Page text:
COVID-19 | Everything you need to know

Your vaccination journey

Our COVID-19 vaccination navigator will guide you through these steps of your journey

Register for your vaccination
Complete the pre-vaccination questionnaire
Get your vaccination
Share your experience
Complete your post-vaccination questionnaire

You will be invited to register for your vaccination

You will receive an invitation to register for your vaccination over the next few weeks, according to a phased approach shown below.

We have indicated where we are in the process now. You should only register if you fall within the group outlined below.

Help your loved ones, especially if they are not digitally enabled, to complete their registration when they receive their invitation.
Once you are registered, our vaccination navigator will remind you when you become eligible for the vaccine.

Understanding COVID-19

About Covid-19

About Covid-19
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About coronaviruses

Coronaviruses are a large family of viruses that cause illness ranging from the common cold to more severe diseases such as Middle East respiratory syndrome (MERS) and severe acute respiratory syndrome (SARS). Coronaviruses are zoonotic, meaning they are transmitted between animals and people.

A novel coronavirus is a new strain that has not been previously identified in humans. The 2019 novel coronavirus (2019-nCoV) is a virus identified as the cause of an outbreak of respiratory illness first detected in Wuhan, China. Early on, many of the patients in the outbreak in Wuhan, China reportedly had some link to a large seafood and animal market, suggesting animal-to-person spread. However, a growing number of patients reportedly have not had exposure to animal markets, which indicates that person-to-person spread is occurring.

How does the virus spread?

COVID-19 spreads quickly, through:

  • coughing or sneezing - people could catch COVID-19 if they are standing within one metre of a person who has the illness, by breathing in droplets coughed out or exhaled by the ill person;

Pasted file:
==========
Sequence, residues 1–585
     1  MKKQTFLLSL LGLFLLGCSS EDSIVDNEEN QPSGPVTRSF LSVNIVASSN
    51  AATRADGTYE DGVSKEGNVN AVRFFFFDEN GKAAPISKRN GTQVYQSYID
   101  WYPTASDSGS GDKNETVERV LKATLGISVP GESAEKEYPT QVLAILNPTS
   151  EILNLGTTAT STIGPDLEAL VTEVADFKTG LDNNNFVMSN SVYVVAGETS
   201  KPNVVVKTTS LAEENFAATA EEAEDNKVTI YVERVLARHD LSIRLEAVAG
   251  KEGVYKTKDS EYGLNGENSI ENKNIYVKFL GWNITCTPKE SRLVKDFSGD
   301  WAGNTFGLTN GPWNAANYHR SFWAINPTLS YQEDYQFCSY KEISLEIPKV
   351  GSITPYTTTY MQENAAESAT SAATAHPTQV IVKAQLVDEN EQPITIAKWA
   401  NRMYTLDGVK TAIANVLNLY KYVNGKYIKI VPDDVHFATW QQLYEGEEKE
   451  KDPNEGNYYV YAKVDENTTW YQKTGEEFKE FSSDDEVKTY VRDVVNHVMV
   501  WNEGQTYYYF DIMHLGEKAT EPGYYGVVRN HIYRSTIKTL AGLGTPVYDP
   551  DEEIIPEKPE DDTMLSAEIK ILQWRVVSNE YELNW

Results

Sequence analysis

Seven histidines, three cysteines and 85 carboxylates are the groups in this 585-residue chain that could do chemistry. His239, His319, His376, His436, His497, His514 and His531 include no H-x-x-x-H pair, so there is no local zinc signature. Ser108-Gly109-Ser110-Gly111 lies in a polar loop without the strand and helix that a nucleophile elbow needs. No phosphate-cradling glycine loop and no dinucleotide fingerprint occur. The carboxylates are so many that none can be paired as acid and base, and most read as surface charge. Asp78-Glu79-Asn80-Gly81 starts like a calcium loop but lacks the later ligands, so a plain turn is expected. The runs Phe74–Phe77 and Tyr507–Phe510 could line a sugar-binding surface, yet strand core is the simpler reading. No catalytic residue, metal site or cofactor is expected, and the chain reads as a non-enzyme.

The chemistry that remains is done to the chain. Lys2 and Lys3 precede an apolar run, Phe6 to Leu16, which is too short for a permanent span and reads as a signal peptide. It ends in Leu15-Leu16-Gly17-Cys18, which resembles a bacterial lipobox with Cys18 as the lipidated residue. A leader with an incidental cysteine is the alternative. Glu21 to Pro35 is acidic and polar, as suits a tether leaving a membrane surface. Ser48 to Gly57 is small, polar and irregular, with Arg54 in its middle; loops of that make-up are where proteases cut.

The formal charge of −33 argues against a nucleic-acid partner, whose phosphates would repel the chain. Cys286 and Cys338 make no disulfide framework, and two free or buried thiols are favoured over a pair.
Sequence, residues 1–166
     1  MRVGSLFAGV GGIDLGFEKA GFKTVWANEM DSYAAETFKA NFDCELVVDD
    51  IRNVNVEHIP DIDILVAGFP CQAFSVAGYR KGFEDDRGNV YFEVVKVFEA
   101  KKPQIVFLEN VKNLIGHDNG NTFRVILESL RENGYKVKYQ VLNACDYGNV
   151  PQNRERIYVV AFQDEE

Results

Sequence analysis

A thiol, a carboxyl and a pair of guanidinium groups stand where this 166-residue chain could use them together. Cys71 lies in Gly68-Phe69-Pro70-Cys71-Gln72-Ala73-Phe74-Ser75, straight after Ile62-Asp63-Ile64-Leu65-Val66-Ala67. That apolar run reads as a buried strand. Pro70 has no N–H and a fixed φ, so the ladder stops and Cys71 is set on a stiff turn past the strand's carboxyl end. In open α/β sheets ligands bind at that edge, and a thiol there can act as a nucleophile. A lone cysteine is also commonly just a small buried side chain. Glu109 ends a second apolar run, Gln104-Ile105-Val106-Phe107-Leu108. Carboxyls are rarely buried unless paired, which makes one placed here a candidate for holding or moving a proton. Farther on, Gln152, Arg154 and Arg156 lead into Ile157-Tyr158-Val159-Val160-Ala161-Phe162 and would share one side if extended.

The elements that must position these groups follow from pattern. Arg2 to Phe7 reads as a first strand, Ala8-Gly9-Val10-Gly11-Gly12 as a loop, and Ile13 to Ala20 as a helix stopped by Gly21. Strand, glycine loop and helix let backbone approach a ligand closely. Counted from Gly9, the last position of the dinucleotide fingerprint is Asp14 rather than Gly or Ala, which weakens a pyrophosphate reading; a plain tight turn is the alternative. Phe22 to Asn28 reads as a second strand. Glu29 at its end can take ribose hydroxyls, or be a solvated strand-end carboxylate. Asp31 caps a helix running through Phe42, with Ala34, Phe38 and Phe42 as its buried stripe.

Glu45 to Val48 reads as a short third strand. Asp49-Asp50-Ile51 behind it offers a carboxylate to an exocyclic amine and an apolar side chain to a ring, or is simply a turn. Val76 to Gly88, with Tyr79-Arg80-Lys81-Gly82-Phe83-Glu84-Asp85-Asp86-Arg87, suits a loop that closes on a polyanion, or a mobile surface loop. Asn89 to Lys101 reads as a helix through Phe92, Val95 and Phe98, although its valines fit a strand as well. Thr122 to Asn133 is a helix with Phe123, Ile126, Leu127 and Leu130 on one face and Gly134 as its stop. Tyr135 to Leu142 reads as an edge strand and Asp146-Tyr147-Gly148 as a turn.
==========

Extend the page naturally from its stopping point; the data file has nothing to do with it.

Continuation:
• close personal contact, such as when shaking hands or touching others;
  • touching an object or surface on which the virus is found (after an ill person coughs or exhales close to these objects or surfaces such as desks, tables or telephones), then - before washing the hands - touching the mouth, nose, or eyes.

Preventing COVID-19

Preventing COVID-19
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Protect yourself and others by making these 6 simple precautions your new habits:

  • Clean your hands often
  • Cough or sneeze in your bent elbow - not your hands!
  • Avoid touching your eyes, nose and mouth
  • Limit social gatherings and time spent in crowded places
  • Avoid close contact with someone who is sick
  • Clean and disinfect frequently touched objects and surfaces

Symptoms of COVID-19

Symptoms of COVID-19
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What are the signs and symptoms to look out for?

The signs and symptoms of COVID-19 are non-specific. This means that the disease presentation or its signs and symptoms can range from asymptomatic people (no obvious signs or symptoms) to those with mild symptoms (like those associated with the common cold), as well as severe respiratory illness (such as pneumonia). In the case of severe or critical illness, the risk of complications increases and the complications can be life threatening.

Typical signs and symptoms

Most common symptoms:

  • Fever
  • Dry cough
  • Fatigue
  • Coughing up slime (producing sputum in the lungs)
  • Shortness of breath
  • Sore throat
  • Headache
  • Muscle or joint ache or pain
  • Body chills

According to the World Health Organization, in more than 80% of all reported cases, fever is the most typical symptom. This is followed by a dry cough (in around 68% of cases), fatigue (38% of cases), producing sputum (33% of cases) and shortness of breath (nearly 19% of reported cases).

Less common symptoms:

  • Nausea or vomiting
  • Nasal congestion
  • Diarrhoea
  • Coughing up of blood or blood-stained mucus
  • Intensely red eyes, watery discharge from the eyes, swollen eyelids and light sensitivity.
  • loss of taste or smell
  • a rash on skin, or discolouration of fingers or toes

Once a person has been exposed to coronavirus, signs and symptoms may start in as little as 2 days or take as long as 14 days.

In most instances, the most obvious signs of infection are mild respiratory symptoms and fever. The time it takes for symptoms to appear is called the 'incubation period'. On average, official reports indicate that signs and symptoms typically develop five to six days after being exposed to the COVID-19 virus. This is often called the 'mean incubation period'. The full incubation period ranges between 1 and 14 days.

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